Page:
Full steam ahead in memory of railway stalwart Julie

A steam locomotive will carry a wreath on the smokebox in memory of a woman who devoted her life to railways and died at the age of 62.
Julie at work on Haworth Station in 1992 (Photo: Chris Bates)Julie at work on Haworth Station in 1992 (Photo: Chris Bates)
Julie at work on Haworth Station in 1992 (Photo: Chris Bates)

Julie Bates, née Carter, moved to Lincolnshire in 2016 with her husband Chris – a volunteer guard at Keighley & Worth Valley Railway (KWVR) for 41 years and at the Lincolnshire Light Railway (LCLR) in Skegness since they moved to Horsington, near Woodhall Spa.

She died on holiday in Aruba in the Dutch Caribbean and a celebration of her life will be held in the Bay Horse Inn, Oxenhope – her home village and the terminus of the KWVR, for whom she worked from 1990 as their first administration employee.

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Julie also volunteered as a pixie on Santa Specials on the KWVLR and with platform and general duties on the LCLR.

She moved from the KWVR to Birmingham in 1994 to marry Chris and after working in the University of Birmingham administering a master’s degree course in occupational health, she joined the Rail Section of the erstwhile Centro passenger transport authority.

There her ability to acquire batteries for Bardic lamps and her understanding of emergency procedures for single line working, vacuum brakes and railway terminology was a distinct advantage.

Julie later became the administration manager of the Midland Metro Extension in Birmingham and then the National Co-ordinator of the tramways’ trade body UKTram, covering modern and heritage tramways in the UK, the Isle of Man and the Republic of Ireland.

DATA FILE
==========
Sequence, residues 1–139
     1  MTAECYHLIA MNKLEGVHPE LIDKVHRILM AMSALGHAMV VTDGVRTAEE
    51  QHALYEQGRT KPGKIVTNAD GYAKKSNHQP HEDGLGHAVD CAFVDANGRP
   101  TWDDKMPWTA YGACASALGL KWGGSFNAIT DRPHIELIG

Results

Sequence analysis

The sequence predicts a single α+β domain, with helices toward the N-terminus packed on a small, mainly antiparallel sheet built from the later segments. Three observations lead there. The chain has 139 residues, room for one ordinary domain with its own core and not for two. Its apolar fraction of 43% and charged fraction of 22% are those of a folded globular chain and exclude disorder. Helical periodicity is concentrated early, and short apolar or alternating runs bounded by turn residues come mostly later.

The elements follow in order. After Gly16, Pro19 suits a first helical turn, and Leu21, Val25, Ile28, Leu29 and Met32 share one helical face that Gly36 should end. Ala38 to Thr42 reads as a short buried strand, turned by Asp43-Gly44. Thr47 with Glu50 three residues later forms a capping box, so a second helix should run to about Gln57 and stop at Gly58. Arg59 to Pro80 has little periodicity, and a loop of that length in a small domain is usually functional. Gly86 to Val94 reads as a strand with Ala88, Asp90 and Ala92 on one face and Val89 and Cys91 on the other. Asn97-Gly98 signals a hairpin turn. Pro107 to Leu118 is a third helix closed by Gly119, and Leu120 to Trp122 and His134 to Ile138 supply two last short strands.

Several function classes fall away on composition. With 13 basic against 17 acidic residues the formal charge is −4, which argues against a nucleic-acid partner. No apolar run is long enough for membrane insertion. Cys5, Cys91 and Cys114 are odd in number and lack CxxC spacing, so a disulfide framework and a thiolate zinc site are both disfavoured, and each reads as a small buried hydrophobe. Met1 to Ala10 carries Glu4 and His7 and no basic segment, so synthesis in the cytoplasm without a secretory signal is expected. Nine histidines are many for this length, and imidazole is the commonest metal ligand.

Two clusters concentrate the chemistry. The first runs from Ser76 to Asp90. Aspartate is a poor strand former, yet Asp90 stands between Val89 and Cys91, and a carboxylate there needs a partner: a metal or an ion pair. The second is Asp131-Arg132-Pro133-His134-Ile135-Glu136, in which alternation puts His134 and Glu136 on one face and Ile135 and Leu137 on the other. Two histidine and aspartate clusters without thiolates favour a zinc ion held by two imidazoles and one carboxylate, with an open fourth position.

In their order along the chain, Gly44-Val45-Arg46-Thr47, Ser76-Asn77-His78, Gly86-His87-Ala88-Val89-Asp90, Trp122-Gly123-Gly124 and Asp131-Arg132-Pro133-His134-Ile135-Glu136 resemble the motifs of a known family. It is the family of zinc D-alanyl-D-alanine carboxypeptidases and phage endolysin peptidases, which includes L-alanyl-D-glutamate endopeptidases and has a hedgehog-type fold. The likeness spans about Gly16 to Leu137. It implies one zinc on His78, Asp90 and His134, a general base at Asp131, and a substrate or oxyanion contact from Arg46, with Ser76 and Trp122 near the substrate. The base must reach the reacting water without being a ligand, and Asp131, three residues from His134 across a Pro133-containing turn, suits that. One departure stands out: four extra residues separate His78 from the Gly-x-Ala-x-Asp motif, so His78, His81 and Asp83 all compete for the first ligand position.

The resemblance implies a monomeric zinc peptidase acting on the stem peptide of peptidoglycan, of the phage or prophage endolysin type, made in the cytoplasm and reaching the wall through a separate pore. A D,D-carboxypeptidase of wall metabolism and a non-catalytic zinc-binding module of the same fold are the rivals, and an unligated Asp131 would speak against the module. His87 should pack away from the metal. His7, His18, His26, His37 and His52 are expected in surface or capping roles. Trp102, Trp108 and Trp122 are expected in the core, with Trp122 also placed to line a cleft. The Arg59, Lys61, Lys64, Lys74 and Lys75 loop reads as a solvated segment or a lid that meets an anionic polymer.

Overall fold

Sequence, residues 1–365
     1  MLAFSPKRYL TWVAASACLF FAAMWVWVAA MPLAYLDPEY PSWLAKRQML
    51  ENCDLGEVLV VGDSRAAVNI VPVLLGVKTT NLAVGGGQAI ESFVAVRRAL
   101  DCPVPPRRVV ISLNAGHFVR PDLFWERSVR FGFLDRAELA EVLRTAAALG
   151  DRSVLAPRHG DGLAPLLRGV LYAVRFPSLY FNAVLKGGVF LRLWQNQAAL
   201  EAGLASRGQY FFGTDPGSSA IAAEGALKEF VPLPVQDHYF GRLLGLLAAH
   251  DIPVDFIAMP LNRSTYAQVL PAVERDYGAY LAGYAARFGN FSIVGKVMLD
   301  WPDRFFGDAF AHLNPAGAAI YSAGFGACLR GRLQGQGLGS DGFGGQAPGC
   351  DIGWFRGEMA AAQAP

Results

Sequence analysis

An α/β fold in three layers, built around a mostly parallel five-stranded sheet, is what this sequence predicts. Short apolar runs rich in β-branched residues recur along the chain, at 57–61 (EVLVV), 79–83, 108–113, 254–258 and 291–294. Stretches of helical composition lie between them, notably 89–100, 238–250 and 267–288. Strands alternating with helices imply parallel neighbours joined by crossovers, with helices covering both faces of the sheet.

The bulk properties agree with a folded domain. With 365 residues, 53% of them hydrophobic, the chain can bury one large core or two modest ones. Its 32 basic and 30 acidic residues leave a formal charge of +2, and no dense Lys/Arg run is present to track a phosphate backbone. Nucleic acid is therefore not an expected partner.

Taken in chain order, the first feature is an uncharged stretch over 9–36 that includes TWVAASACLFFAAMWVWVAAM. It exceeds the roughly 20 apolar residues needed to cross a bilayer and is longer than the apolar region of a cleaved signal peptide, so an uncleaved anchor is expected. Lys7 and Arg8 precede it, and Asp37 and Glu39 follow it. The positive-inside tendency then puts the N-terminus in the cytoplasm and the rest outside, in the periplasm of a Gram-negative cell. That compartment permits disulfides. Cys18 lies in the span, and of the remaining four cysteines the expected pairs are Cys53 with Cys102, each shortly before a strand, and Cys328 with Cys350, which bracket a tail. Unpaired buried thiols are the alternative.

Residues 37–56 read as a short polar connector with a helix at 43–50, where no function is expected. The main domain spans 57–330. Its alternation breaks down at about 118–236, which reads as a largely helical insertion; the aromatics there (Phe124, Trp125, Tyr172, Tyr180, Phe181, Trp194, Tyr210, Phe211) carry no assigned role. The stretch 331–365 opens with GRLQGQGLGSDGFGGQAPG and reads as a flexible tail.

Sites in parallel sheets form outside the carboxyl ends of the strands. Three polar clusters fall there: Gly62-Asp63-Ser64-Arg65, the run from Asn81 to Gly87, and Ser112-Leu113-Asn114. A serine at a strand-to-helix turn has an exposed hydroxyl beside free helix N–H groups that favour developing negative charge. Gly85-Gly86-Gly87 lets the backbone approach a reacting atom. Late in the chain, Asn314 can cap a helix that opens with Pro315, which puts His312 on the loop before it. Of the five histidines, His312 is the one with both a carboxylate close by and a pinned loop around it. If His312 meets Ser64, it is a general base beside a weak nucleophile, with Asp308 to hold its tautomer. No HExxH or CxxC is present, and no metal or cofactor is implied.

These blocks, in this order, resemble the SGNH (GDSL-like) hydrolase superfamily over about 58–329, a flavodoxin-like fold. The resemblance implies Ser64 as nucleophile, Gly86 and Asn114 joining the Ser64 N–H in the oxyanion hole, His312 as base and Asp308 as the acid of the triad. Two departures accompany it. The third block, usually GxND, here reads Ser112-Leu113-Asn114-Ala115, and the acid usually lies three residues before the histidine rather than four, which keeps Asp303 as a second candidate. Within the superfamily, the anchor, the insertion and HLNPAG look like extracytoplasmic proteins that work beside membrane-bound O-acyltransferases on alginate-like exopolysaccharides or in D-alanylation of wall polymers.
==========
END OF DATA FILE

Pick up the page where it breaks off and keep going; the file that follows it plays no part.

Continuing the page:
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She was a regular attender at Christmas functions in Buckingham Palace for members of the Diplomatic Corps through her husband’s role as the Overseas Representative of the world’s most remote inhabited island, Tristan da Cunha, and accompanied him to meetings in some of the world’s most isolated islands.

She enthusiastically joined in travels with him on railways throughout the British Isles and Europe and as far – most recently to steam heritage lines in the Eastern USA and to Australia, New Zealand and many locations in Europe.

Former KWVR colleague Jim Shipley, writing in the most recent issue of the KWVLR magazine Push and Pull, described Julie as having a personality “that could shape mountains, let alone a mere railway office”.

“With her can-do attitude, the volunteers immediately took to Julie”, he wrote.

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“Her sense of mischief and humour was legendary and infectious.

“Julie was a genuinely wonderful lass who was as unpredictable as she was loveable and reliable. Her path through life was not always a smooth one, but she came through smiling and her passing was both cruel and untimely”.

Julie was cremated in Aruba and her ashes are buried in the churchyard of All Saints Church, Horsington after a memorial service which raised £1,400 for the Lincolnshire and Nottinghamshire Air Ambulance. As well as her husband, she is survived by her brother David Carter, sister Jill Buckley and stepson Robert Bates.

The celebration of her life will be at 2 pm on Saturday, June 8. It is expected that the steam locomotive on KWVLR services will carry a wreath on the smokebox that day .

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